A group of 39 students, along with 4 Teachers- Mr Mukul Sharma, Ms Jaskirat Sekhon, Ms Anu Sharma & Dr Shaveta and tour guide Mr Shoaib, started their trip to the gorgeous Ranthambore National Park, which is nestled lazily in the foothills of the magnificent hilly terrain of Aravalli and Vindhya ranges, on 20 December 2022. All of us reached school extremely excited for the long yet thrilling journey ahead of us. We boarded our AC coach and left the school premises at 4:30 a.m. We were able to see the beautiful sight of the mustard fields and trees passing by, once the day was clear and the fog had lifted. We stopped for our meals enroute, at beautiful Havelis, where we were served sumptuous Indian meals. Despite our efforts to conserve our energy for the exciting days ahead, it was difficult to contain ourselves as we were buzzing with enthusiasm. We finally reached the Pugmark Resort at 8 p.m. All our exhaustion from the long hours of travel was immediately forgotten when we looked up at the night sky and were able to see the stars completely free from the light pollution of the cities. At the resort, we were welcomed warmly by Rajasthani folk artists, playing beautiful folk music for us. We also witnessed a thrilling fire show which kept us all on the edge of our seats. Post our dinner, we were briefed about the next day.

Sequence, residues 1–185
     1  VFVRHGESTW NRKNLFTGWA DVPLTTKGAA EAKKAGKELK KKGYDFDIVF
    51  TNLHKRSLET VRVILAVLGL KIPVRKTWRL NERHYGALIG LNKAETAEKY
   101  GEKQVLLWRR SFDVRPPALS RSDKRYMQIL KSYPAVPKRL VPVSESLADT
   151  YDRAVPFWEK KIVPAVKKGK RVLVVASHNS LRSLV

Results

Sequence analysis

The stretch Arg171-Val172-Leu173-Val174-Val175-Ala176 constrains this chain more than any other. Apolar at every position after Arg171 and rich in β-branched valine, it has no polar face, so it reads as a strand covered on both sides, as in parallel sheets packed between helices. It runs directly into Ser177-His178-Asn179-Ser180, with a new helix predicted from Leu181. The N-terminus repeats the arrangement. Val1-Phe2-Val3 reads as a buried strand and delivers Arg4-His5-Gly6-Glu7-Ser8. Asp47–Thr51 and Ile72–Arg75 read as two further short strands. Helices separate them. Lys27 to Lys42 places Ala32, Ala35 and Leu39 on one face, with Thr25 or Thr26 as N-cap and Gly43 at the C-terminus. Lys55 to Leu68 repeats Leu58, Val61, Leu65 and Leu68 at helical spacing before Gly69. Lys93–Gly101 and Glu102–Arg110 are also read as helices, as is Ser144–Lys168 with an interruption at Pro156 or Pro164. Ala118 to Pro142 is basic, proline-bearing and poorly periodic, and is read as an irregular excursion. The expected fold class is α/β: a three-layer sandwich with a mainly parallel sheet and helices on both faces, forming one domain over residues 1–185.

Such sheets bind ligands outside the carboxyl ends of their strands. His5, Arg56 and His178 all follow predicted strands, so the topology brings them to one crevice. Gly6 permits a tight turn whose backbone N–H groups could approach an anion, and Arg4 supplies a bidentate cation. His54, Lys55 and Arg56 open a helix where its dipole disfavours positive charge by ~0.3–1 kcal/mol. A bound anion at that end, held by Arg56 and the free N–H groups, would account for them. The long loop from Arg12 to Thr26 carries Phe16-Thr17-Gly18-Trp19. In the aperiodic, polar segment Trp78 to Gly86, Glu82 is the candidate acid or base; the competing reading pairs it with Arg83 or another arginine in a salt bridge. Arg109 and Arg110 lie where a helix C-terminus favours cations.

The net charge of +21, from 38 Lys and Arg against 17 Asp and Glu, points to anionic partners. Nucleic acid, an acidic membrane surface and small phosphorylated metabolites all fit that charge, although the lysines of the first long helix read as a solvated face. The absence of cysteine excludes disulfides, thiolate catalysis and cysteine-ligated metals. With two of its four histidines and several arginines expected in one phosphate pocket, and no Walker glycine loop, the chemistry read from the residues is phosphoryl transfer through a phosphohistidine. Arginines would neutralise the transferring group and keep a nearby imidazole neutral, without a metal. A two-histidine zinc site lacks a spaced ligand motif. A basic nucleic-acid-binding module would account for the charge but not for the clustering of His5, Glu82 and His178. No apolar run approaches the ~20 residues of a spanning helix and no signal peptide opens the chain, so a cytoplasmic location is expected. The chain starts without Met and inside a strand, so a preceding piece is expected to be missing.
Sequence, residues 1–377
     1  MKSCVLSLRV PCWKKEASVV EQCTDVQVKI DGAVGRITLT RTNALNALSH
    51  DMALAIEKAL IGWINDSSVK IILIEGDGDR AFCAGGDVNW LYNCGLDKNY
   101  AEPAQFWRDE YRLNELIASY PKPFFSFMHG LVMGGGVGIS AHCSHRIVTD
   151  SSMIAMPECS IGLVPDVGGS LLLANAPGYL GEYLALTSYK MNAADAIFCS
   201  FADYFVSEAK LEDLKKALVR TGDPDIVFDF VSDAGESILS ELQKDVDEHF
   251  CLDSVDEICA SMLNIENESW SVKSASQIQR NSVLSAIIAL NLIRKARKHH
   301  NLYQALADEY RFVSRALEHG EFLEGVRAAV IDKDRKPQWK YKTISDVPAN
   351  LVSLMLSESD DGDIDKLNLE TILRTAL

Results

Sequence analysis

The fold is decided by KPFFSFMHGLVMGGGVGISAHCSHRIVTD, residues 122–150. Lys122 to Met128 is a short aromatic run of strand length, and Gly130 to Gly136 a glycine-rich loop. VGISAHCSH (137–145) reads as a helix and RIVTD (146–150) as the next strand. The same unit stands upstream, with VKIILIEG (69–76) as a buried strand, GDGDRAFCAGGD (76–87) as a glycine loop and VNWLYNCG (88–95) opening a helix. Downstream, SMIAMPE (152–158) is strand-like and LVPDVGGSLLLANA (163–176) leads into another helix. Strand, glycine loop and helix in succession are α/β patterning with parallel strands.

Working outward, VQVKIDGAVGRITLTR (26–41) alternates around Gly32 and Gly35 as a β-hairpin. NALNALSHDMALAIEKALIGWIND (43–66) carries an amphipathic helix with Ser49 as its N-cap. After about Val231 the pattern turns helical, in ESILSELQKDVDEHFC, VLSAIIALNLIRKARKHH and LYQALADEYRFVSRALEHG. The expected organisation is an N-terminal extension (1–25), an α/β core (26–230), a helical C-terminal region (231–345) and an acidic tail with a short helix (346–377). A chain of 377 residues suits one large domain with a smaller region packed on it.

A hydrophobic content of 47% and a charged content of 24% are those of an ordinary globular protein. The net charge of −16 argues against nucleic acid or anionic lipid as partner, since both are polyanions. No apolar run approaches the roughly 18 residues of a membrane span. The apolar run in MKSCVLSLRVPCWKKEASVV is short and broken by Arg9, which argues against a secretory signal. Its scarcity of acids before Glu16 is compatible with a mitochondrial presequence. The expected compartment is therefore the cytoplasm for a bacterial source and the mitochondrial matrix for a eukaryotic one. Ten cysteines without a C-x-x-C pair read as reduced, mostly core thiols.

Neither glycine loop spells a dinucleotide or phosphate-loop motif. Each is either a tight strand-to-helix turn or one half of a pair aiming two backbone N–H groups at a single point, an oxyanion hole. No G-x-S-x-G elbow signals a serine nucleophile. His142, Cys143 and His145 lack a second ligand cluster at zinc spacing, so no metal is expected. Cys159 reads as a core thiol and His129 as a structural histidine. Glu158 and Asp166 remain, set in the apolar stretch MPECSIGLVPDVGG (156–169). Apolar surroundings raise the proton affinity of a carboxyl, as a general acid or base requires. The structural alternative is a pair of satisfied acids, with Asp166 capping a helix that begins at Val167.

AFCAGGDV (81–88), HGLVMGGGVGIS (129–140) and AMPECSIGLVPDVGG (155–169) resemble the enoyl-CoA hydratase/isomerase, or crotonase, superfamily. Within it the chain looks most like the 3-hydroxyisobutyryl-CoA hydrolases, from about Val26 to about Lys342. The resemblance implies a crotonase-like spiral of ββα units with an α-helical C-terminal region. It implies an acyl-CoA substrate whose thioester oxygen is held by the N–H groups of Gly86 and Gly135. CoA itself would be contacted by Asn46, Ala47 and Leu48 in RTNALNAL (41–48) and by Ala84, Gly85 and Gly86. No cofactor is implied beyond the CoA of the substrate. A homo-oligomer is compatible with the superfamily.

On the Second day of our trip, 6 am was the wake-up call and we had to be ready for breakfast by 7:00 am. We were divided into two groups before we set off for our visit to The Ranthambore Fort, which lies within the National Park in our respective canters. Our tour guide informed us about the rich cultural history of the Ranthambore Fort, while we were all enthralled by its beauty. The fort had seen many battles & sieges under different rulers and probably the most famous among these is the war of Rao Hamir in 1301, against the Sultan of Delhi, Alauddin Khilji. The fort is also related to the historical legend of the royal women performing Jauhar when Alauddin Khilji laid siege on this fort in 1303. The Fort is an architectural marvel, and it was truly a privilege to learn about yet another historical gem of India. The gates of the fort were strategically placed and built to deceive potential attackers and lead them into a trap. It has been declared a UNESCO World Heritage Site and is a major tourist attraction. After our return to the resort, we were taken to an open field for a session about Astronomy, where we observed the sun and its sunspots by using a pinhole camera, solar eclipse goggles, and even a telescope. We were taught how to make rockets out of paper, plastic, and clay and we even launched them using water pressure. Post lunch, we sat in the canters once again for an exciting Jungle safari, to zone 4 and 5 of the Ranthambore National Park, where we hoped to spot a tiger. The park stretches over 1734 sq. km in the Aravalli Hills out of which only 350 sq. km is open to tourists. It is home to 75+ tigers, 120+ leopards, 100+ sloth bears, and many other animals. We were able to spot animals like crocodiles, sambar deer, monkeys, spotted deer, peacocks, parrots, wild boars, mongoose, and even a crested serpent eagle, which is a rare sighting. But we were disappointed not to see a Tiger, and at the same time hoping to see the magnificent creature, the next day. On our return to the resort, we freshened up in our rooms and once again went to the field to observe the stars for our second Astronomy session. It was slightly cloudy, which obscured our view, but we still learned a lot about the different types of constellations, the pole star, and the location of the planets that were visible, such as Saturn, Jupiter, and Mars, which we were able to observe through a telescope. We also observed the timings of the rising and setting of each constellation through a device known as a Planisphere, provided to us by the organizing team, which gave us incredible information about the stars and the hidden wonders of the night sky. This activity was followed by dinner and a briefing about the next day, for our morning safari.